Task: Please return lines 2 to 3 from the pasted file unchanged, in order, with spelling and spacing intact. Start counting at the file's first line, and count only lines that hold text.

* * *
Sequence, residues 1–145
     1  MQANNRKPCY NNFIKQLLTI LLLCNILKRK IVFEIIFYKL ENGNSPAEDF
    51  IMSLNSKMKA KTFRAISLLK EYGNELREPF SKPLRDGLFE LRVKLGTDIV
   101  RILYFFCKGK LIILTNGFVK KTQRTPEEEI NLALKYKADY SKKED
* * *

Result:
     1  MQANNRKPCY NNFIKQLLTI LLLCNILKRK IVFEIIFYKL ENGNSPAEDF
    51  IMSLNSKMKA KTFRAISLLK EYGNELREPF SKPLRDGLFE LRVKLGTDIV